After each bed is tilled, it gets a healthy application of compost around 3 in thick. Starting next year, we’ll rotate our compost application, giving preference to the heavy feeders like potatoes and tomatoes, while applying every two years to the lighter feeders like leaf crops and legumes. Compost is expensive, and we’ve been bringing it home by the truck load. We have a place locally we can get it, but it would be in our best interest from a cost perspective if we can figure out how to provide the amount we need from our own operation.

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Part of the 3 acre garden has been reserved for permanent crop. We’re putting in almost 60 raspberry plants this year, and will likely double that next year. We’ve also got around 300 strawberry plants coming and about the same amount of asparagus over the next two weeks. We hope to expand on these depending on the market in our community.

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In addition to laying compost, we’re laying shredded oak chips in the pathways around each garden plot. Hopefully this will aid in weed suppression, while also giving the garden definition. Another expensive resource that I need to work on sourcing cheaper. Any arborists out there who want to donate their wood chips?

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Part of our overall plan for the farm is to incorporate fruit trees throughout the property. When we bought the house, everything was so overgrown that it will likely take the next couple years to clean it up the way we want. But once we do that there will be plenty of space for small orchard plots around our 12 acres.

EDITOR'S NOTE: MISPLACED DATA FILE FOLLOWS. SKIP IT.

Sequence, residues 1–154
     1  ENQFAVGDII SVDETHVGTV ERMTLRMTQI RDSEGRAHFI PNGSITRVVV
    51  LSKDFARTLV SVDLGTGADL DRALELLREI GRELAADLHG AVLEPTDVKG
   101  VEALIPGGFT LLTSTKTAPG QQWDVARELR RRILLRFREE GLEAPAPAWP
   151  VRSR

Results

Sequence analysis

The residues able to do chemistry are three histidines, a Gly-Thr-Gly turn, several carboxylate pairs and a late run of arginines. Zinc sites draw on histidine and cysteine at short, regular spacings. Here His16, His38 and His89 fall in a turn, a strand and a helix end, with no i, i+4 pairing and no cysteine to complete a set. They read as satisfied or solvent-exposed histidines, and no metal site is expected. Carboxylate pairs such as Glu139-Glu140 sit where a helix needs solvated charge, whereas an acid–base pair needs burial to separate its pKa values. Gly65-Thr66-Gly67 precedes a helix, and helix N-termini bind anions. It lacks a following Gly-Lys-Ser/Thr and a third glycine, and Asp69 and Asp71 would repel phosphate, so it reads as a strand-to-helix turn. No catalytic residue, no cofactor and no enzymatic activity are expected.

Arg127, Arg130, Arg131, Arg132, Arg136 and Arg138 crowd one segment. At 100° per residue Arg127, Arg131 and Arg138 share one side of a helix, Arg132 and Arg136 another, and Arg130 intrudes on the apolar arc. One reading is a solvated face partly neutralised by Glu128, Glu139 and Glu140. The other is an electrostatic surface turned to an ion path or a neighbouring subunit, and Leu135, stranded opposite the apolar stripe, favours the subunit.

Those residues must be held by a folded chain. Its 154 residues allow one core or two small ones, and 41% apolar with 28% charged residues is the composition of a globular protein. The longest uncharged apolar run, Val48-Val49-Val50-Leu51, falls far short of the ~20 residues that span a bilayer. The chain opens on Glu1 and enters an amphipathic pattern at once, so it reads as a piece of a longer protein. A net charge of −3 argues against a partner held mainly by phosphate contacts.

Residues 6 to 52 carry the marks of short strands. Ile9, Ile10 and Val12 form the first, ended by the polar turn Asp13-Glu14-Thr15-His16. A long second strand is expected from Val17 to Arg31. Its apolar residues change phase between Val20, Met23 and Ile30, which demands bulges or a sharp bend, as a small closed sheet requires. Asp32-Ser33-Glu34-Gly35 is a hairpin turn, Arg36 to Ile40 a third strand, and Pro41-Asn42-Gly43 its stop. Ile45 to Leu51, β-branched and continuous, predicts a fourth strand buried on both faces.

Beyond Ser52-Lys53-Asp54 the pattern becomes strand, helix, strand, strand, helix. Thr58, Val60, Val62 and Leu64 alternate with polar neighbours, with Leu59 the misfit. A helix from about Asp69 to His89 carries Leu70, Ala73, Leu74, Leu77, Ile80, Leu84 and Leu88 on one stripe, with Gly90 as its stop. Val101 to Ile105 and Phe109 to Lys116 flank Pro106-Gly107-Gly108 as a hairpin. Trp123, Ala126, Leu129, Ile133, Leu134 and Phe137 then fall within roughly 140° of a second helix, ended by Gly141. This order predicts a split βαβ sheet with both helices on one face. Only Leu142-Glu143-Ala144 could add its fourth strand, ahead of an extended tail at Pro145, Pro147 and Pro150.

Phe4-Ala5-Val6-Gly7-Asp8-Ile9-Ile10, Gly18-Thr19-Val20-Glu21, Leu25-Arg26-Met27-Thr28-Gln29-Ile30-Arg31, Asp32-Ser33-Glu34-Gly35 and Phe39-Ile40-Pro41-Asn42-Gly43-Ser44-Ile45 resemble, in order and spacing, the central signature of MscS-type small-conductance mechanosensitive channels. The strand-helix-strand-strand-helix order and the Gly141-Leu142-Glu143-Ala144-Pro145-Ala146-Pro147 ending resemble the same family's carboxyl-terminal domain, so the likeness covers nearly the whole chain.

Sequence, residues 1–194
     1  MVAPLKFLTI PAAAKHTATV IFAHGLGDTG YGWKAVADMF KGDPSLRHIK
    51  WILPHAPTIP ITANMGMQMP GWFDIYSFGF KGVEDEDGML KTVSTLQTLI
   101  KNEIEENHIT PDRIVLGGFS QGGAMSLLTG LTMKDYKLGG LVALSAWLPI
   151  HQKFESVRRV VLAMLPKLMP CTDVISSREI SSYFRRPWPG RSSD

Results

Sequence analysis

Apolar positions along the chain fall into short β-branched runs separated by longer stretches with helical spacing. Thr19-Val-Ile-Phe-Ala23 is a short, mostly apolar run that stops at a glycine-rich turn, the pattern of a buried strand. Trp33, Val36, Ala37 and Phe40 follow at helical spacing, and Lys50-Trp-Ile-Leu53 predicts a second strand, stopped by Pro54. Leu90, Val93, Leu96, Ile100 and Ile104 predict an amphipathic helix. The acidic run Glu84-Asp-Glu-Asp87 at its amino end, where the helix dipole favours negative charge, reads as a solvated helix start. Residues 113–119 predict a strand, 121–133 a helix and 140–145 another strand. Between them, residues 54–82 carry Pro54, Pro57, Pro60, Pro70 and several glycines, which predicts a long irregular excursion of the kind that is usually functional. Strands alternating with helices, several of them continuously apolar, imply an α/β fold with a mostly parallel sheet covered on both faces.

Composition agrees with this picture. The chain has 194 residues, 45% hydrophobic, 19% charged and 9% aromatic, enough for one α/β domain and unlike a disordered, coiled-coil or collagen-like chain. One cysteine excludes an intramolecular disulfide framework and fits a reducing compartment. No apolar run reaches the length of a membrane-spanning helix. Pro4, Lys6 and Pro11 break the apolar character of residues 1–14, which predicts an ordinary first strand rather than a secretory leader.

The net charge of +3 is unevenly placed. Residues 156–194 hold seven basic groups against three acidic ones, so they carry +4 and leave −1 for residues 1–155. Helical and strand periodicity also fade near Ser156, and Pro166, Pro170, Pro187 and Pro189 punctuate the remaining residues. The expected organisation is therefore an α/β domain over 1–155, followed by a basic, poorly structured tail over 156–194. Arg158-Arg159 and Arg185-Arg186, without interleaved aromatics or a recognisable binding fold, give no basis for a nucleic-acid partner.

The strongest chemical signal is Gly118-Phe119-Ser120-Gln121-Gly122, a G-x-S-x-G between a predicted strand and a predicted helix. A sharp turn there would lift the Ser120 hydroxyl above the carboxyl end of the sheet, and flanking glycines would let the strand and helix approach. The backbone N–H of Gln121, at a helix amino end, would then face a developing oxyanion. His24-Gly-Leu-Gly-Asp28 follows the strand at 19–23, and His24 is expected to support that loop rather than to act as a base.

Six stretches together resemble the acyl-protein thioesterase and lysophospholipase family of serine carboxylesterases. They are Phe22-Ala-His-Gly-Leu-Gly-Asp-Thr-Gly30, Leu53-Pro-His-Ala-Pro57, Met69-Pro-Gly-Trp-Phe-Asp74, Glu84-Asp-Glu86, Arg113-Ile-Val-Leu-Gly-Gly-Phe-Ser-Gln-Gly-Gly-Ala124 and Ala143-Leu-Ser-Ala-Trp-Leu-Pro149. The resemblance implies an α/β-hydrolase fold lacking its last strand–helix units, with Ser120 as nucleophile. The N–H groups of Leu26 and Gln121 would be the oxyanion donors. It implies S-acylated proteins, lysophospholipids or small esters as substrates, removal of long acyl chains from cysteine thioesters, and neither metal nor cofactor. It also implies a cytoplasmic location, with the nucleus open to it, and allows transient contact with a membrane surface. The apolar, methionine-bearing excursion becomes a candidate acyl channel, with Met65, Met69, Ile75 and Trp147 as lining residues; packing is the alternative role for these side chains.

So far we’ve added 10 trees. 4 apples, 3 pears and 3 peaches. We’d like to double this yet this spring, with the plan on adding at least another 20 more next year.

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The reason we named our farm 16 Hands was because we have 6 children. Add me and my wife and that’s plenty of helping hands, right? This is a lifestyle that we are hoping will offer our children beneficial skills and experience that will help shape their character as they grow older. Our greatest responsibility in life is to raise healthy, compassionate children who are willing and able to contribute to their community. I can’t think of a better way to do that than by growing up on a farm and sharing in the daily responsibilities.

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This rain has not only been good for our germinating seed, but look at all the weeds popping up in the field! We’ve got our work cut out for us, and I’ll show you how we plan to handle these weeds a little later. But I’m very excited with how this project it turning out. It’s not easy, but I’ve learned that nothing worth having is ever achieved without working for it. And we’re happy to do so.

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Apart from the 3 acre market garden, we’ve also started to put in so raised beds across the property for extra growing and research opportunities. Right now these boxes have cold weather crops growing in them, most of them direct seeded and started under the hoop frame I built in the picture above. These are great for protecting young starts and for extending your growing season. To learn how to build your own click here